“We had one township that asked us if they could rehab all of their parks with CARES Act money. When you push it to the logical extreme, you can make an argument that people were going to spend more time outside so you probably need to build new shelter houses and that kind of stuff with it, but that’s pretty far of an extension. I asked the question to township officials ‘Under that logic, are you going to repave all of your roads because people need to drive from their house to the park?’” Faber said.

His office recently started the auditing process and anticipates finding communities that pushed the envelope too far.

When it comes to spending on security cameras, Faber said he can see both sides of the argument. He said it was generally OK for local governments to spend their funds on public safety.

“But that doesn’t mean go out and replace all of your cruisers and or all your fire trucks necessarily. You had to be relatively judicial,” Faber said.

Some communities did purchase new vehicles with their CARES funding, many citing a need among first responders who deal with the pandemic daily.

Hanover, Vienna and Warren townships spent money on vehicles for first responders. Southington spent just over $40,000 for a pick-up truck to keep employees socially distanced. West Township spent $39,500 on a dump truck and noted a $500 downpayment on a truck in their CARES documents.

Braceville Township spent over $127,000 on vehicles to “separate employees.”

Mesopotamia purchased a new plow truck to “eliminate the sharing of vehicles” and to “promote social distancing.” The township reasoned that this would cut down on operational downtime due to sanitizing the vehicles or an employee’s sickness.

Weathersfield Township spent $333,917 on a rescue truck, pick-up truck and dump truck, according to the itemized list that was provided to WKBN. And Newton Township spent $48,585 for a 2020 Ford F550 outfitted with over $39,000 in accessories, including a dump body and plow, for the road department “to allow social distancing for employee work required COVID-19 protection.”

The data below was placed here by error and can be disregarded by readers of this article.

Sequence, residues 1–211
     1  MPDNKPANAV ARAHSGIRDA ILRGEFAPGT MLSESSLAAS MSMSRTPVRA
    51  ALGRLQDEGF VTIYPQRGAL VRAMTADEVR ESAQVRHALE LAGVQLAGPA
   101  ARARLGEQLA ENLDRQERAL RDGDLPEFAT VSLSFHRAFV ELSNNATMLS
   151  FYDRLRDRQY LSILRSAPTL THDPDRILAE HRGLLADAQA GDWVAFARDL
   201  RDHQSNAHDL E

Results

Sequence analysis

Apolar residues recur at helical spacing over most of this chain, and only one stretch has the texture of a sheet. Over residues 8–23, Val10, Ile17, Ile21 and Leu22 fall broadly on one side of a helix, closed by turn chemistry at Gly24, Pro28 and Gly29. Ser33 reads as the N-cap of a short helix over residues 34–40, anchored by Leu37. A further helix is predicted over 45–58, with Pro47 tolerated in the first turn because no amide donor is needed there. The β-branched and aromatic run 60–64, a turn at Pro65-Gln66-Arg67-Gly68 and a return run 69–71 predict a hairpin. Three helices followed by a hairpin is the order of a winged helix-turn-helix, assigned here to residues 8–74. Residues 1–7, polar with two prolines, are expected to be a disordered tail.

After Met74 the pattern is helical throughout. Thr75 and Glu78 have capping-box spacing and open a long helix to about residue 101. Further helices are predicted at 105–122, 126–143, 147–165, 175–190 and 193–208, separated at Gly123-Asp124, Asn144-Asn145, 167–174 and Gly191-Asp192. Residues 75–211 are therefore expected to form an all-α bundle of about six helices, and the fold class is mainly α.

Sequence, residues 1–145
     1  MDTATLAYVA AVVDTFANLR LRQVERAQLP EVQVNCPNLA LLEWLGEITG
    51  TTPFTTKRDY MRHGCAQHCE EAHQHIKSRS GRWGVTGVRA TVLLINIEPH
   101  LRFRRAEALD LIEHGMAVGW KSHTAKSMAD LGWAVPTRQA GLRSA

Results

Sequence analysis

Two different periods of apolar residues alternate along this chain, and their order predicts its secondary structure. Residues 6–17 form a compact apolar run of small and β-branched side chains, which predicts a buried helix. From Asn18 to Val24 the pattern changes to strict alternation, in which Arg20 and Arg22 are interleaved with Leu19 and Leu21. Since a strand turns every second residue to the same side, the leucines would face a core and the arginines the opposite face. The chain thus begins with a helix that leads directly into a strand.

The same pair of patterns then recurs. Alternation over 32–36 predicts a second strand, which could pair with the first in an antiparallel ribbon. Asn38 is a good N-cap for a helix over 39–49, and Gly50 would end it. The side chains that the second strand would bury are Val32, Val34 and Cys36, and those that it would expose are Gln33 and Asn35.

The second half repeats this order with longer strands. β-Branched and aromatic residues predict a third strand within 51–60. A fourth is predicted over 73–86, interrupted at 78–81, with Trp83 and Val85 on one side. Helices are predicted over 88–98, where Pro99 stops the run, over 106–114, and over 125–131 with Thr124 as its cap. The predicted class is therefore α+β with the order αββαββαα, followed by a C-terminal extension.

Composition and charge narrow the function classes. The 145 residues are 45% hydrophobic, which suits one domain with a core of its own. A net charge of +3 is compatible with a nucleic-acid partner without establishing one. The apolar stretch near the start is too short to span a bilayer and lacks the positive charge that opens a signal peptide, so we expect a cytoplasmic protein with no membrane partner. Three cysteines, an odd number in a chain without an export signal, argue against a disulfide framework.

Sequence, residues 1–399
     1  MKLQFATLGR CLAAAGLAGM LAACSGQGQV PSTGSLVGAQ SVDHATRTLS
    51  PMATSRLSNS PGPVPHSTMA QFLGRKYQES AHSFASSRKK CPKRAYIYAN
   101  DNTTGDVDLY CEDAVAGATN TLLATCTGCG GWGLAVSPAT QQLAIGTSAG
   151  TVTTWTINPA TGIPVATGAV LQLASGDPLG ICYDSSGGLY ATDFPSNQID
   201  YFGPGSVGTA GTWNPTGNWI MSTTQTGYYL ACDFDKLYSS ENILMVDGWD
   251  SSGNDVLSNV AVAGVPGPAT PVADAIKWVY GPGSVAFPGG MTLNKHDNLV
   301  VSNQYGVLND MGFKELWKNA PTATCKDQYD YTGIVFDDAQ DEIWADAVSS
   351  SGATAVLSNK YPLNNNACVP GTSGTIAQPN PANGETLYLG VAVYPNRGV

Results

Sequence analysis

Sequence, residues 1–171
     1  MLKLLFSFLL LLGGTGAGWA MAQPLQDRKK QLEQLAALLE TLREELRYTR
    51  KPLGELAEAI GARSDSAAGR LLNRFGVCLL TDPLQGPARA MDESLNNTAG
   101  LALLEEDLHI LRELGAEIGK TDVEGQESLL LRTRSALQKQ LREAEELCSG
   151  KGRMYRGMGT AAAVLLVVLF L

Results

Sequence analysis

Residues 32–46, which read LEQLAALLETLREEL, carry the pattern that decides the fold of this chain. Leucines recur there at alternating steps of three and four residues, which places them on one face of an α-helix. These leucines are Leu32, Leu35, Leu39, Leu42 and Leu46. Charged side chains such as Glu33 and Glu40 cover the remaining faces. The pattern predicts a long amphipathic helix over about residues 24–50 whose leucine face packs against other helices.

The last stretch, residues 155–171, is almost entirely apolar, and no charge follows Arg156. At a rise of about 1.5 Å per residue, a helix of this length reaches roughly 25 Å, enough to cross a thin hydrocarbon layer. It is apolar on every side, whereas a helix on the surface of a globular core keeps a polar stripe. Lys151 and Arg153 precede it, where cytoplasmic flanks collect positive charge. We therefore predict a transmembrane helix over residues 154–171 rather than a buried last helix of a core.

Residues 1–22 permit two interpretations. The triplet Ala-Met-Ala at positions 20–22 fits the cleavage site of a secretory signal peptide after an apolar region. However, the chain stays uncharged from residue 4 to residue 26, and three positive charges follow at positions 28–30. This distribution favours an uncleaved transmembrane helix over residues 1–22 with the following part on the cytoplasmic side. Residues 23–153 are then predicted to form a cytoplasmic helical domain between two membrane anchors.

Warren Township also spent $5,880 on two Tasers for the police department, citing an increase in call volume during the pandemic and a need to eliminate the sharing of the devices.

Also among some of the more uncommon purchases, Leetonia spent over $46,000 on a playground, as well as $4,464 on outdoor tables for the park.

Leetonia Mayor Kevin Siembida said they focused on purchasing items that could be used by village residents for years to come.

“We didn’t need thousands of dollars in Clorox wipes,” he said, adding, “We wanted something that could be used long-term.”

Siembida said the old playground was an aging wooden one, and the new one will be easier to sanitize, as it is stainless steel. The purchase of the playground and outdoor tables was to get people out of the house during the lockdown in a socially-distanced way, he said.


Leetonia auctioning off old playground to make way for new one; new pocket park finished